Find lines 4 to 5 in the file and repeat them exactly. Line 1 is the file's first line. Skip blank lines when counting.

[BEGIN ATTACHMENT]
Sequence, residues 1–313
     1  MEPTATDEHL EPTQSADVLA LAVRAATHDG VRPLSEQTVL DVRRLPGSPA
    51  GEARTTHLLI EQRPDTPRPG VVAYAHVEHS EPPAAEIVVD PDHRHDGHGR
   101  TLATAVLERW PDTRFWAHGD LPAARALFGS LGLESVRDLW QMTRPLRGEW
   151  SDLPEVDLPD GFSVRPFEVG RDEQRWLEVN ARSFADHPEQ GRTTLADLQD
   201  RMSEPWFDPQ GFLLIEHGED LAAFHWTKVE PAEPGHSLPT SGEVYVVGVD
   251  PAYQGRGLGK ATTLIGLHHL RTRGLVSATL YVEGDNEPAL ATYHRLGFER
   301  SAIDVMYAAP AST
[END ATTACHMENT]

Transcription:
   101  TLATAVLERW PDTRFWAHGD LPAARALFGS LGLESVRDLW QMTRPLRGEW
   151  SDLPEVDLPD GFSVRPFEVG RDEQRWLEVN ARSFADHPEQ GRTTLADLQD